From May 28-30 I participated in the My Church Summit at Mohawk College in Hamilton, Canada.

The purpose of the summit was to bring together Adventist students on non-Adventist campuses and church leadership in the North American Division.  More than 150 young people attended, including delegates representing each union.

Special guests from the church in North America included: Dan Jackson, president; Deborah Brill, vice president; James Black, youth director.  Representing the world church: Gilbert Cangy, youth director; Jiwan Moon, public campus ministries director.

The event was primarily organized by Ron Pickell, public campus ministry coordinator for the NAD.  The summit was the result of a similar one which took place last year at Union College for students attending Adventist schools.

Three questions were addressed:

1.  Why are young adults leaving the church?

2.  Why are they staying?

3.  What can the church do for young people?

Both summits, the one in Canada and the one at Union College referenced a recent study commissioned by the Seventh-day Adventist Church addressing the relationship between the Adventist Church and its millennial population (and potential population).

Delegates were broken up into groups of eight to discuss the topics.  Speakers were invited to give presentations addressing each question.  I was invited to address the topic of why Adventist young people choose to stay based on my experience with GYC and CAMPUS.

From experience with GYC, my observation is that three important components are critical when it comes to young adult retention in the Seventh-day Adventist Church.  Young people who stay (and dedicate their talents to the church) usually do so because:

They were empowered by leadership during critical times in their spiritual and/or academic/professional development;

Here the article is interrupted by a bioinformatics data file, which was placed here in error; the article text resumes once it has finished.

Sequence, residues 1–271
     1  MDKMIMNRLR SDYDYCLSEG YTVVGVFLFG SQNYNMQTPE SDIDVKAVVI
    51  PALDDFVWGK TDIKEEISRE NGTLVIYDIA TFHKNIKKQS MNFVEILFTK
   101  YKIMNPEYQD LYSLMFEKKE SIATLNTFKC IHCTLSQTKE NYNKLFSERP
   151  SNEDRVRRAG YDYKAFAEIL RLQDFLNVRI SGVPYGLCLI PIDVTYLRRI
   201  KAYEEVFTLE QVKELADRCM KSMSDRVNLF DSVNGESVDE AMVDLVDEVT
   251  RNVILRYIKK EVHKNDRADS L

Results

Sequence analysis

A church leader or mentor placed high expectations on them, propelling them to aim and reach high standards in their professional, intellectual, and spiritual lives;

At key moments in their spiritual walk they bought into an ideology of Adventism that made the message of the Bible more important than anything else in their lives.

The truer the above statements are in the lives of young adults, the more likely it is that they will remain engaged in the church and participate in its mission.  It also seems that when high expectations, empowerment, and message are present simultaneously at critical times, the chances of retention and engagement increase in quality and quantity.

Although I have come to appreciate Barna for its research throughout the years, I feel that there are several weak points in their report that diminish its usefulness for the Adventist Church today.

1.  To define “engaged young adults” as people who come to church once/month is less than ideal.  Yet this sample group is placed at the center of the study.  If the difference between an engaged individual and a disengaged individual ultimately results in having an increase of attendance from zero to one Sabbath each month, the value of the study must be questioned.

2.  Boxing young adults into socially constructed categories also brings limitation to the study.  We have to ask the question: Are we really allowing young people to speak for themselves or is the church guilty of telling young people who they are?  Are the sample groups used in this study really representative of young adult Adventism?  I have doubts.

3.  The dramatic conclusion of the study also has a major shortcoming.  It presents the church with the choice: do we value traditions more than our children?  However, it fails to adequately show tension between the two.

Young people are not at war with what the Seventh-day Adventist Church believes and stands for.  They may be at war with how some present our truths.  They may be at war with how some use our message, portraying it to be what it is not.  But in speaking with thousands of youth around the world, I’ve seen that they are not really at war with our message.

In many cases, our “traditions” are a victim just like Jesus was a victim of misrepresentation.  Can it be that dissonance exists, not between message and young people?  But instead, perhaps, the battle that exists is between young adults and those who abuse and misuse the beautiful truths that provide everything we ever wanted?  Jesus loves His church.  He died for it.  He invested Himself in it.  He died for it because it’s beautiful.  In fact, its only flaw is me and you.

If you’re interested in the presentation, here’s the prezi.  It also shares stories of University of Michigan graduates as genuinely engaged young adults: